Anti-tax initiative huckster and Donald Trump fanboy Tim Eyman is facing new allegations from the Washington State Attorney General's office today.
Attorney General Bob Ferguson announced today that three cases have been filed in Thurston County Superior Court against Eyman's political committees and their principals: Eyman, Jack Fagan, and Mike Fagan. (Mike Fagan is a member of the Spokane City Council.) The groups' treasurer, Barbara Smith, is also named. Eyman's group, Voters Want More Choices, has created multiple political committees to advocate for initiatives limiting taxes. In an announcement of the charges today, Ferguson's office said those committees' "shoddy accounting practices" and improper disclosure their funding and spending violated state law.
According to Ferguson's office, Eyman and the political committees he forms for his initiatives have failed to properly report their contributions, loan agreements, and spending. The AG alleges that Eyman and others lent one of his political committees more than $1 million and then used funds from other political committees to pay the interest on those loans without properly reporting those payments.
Here are the allegations Ferguson laid out in an announcement today:
• The "Tougher to Raise Taxes" committee, which pushed for a constitutional amendment requiring a two-thirds majority of the legislature to approve tax increases, allegedly did not have any kind of written agreement for loans totaling more than $1 million it received from Eyman and three others. That group also allegedly failed to report that another Eyman committee was helping pay the interest on its loans.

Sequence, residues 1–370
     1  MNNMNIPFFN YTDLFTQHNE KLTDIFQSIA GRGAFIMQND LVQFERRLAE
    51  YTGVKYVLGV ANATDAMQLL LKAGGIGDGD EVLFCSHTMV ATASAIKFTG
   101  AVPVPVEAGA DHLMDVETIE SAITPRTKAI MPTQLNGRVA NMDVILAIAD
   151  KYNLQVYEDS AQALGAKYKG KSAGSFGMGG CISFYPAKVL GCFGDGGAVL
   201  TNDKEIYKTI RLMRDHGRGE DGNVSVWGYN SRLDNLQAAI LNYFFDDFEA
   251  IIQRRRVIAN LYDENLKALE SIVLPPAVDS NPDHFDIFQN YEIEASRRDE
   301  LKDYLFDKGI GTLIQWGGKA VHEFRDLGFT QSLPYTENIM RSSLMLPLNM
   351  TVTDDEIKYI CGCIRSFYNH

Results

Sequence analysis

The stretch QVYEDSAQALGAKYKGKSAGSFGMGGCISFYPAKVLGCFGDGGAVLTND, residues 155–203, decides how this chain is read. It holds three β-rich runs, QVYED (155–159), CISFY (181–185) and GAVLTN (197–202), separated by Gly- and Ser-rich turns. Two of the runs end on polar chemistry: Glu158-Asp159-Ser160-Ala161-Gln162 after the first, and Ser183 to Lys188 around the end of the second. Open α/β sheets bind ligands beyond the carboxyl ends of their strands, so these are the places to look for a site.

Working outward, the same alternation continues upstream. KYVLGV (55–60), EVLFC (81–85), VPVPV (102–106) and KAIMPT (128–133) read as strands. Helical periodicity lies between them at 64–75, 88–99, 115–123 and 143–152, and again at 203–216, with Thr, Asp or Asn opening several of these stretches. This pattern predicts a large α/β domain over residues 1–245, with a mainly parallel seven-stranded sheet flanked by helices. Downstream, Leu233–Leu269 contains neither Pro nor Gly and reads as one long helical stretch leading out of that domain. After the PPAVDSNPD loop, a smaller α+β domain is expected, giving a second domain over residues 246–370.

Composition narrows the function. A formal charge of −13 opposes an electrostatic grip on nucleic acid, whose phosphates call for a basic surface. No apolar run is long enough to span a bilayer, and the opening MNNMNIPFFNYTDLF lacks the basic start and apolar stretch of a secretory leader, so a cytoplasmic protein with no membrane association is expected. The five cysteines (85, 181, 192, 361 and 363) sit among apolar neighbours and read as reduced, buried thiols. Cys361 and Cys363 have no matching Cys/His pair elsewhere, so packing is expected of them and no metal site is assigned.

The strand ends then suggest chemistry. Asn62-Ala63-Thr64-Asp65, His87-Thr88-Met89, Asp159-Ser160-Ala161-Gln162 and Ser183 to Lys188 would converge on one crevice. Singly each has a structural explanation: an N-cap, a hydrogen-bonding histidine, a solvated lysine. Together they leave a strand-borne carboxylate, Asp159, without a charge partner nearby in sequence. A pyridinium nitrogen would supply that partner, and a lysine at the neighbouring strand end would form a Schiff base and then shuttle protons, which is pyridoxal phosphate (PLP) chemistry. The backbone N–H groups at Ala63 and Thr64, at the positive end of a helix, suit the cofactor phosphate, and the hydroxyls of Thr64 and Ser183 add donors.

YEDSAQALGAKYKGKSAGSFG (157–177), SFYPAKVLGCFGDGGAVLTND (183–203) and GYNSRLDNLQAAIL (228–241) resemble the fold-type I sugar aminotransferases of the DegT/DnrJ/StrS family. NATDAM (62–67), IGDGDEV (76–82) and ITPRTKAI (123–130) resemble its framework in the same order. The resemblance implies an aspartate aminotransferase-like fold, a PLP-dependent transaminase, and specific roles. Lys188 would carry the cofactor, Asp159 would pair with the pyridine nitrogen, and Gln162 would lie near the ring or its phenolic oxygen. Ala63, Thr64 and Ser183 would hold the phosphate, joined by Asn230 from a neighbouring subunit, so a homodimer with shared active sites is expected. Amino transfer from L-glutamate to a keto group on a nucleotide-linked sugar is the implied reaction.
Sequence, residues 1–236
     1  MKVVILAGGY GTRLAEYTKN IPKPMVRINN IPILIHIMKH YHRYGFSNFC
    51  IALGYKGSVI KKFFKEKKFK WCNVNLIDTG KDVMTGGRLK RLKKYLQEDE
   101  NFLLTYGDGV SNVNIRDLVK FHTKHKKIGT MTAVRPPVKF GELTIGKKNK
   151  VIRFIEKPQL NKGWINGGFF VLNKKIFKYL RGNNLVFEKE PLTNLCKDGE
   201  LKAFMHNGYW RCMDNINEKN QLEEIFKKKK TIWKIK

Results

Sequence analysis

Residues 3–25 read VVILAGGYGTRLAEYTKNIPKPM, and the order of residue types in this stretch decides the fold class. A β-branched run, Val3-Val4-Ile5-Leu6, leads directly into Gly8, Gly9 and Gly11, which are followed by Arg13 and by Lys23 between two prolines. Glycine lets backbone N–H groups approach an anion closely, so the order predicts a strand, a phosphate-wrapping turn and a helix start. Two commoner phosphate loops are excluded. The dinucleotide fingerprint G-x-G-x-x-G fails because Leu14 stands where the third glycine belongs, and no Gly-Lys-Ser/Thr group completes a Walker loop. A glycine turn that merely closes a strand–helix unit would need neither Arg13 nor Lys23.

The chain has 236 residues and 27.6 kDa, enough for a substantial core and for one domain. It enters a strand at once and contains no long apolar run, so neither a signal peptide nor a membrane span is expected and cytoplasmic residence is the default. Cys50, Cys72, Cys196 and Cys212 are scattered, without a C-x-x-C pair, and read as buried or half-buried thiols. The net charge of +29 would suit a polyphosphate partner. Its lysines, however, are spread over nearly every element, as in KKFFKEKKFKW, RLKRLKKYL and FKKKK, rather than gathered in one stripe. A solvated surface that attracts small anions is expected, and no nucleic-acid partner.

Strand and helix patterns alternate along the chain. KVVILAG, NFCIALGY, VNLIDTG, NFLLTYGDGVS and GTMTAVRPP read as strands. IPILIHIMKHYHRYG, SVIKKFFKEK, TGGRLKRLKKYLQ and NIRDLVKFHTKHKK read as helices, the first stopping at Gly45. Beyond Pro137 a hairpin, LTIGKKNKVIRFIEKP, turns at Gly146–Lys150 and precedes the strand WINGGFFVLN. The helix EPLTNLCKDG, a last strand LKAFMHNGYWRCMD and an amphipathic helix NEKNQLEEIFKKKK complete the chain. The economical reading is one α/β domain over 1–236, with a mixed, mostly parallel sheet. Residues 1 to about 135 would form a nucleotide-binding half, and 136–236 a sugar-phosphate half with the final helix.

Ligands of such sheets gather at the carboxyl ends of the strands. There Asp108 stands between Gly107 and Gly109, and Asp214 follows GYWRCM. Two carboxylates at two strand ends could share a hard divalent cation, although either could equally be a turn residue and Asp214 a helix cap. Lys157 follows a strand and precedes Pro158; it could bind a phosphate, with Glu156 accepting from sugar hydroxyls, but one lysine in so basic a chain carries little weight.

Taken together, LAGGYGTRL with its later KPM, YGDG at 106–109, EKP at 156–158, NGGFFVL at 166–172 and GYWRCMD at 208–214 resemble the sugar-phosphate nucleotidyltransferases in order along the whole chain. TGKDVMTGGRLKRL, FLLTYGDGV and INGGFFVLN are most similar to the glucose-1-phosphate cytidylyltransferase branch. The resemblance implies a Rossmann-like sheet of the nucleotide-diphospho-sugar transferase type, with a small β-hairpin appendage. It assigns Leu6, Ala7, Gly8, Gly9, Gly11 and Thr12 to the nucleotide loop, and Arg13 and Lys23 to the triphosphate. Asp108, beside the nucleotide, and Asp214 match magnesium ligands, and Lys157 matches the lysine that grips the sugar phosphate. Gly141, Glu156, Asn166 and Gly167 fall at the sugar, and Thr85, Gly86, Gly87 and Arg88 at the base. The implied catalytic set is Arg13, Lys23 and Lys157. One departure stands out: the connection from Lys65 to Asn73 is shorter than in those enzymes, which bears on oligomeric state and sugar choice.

• Eyman's "Bring Back Our $30 Car Tabs" committee allegedly violated state disclosure laws when it did not properly report money it spent on ads attacking Democratic lawmakers. The AG's office also says this committee did not accurately disclose about $3,300 in interest payments it made for the committee mentioned above, "Tougher to Raise Taxes."
• Another Eyman committee, "2/3rds-for-Taxes Constitutional Amendment," allegedly did not accurately report an interest payment of about $600 it made on a loan for "Tougher to Raise Taxes" and did not properly track the contributions it received.
In a brief (and uncharacteristically bland) statement today, Eyman defended himself:
This year, our committees reported all loans, web videos, and other activities. After complaints were filed about some of our reports, our committees contacted the PDC asking for help and guidance on how to amend the reports to respond to the complaints. Our committees subsequently filed amended reports with the help and guidance of the PDC. We were told this morning that despite our best efforts to follow the help and guidance of the PDC, it is now alleged that the changes made to our amended reports were insufficient. In response, our committees will once again work toward amending our reports to address any new issues.
Today's news comes two months after Ferguson asked a Snohomish County judge to hold Eyman in contempt for failing to turn over documents for his investigation. The state Public Disclosure Commission has also previously found that Eyman received secret payments from a paid signature gathering company and used campaign cash for personal expenses.
"Washington’s campaign finance laws require, and Washingtonians deserve fair, accurate and timely disclosure," Ferguson said in a statement. "When political committees create confusion rather than transparency, I will hold them and the people in charge accountable."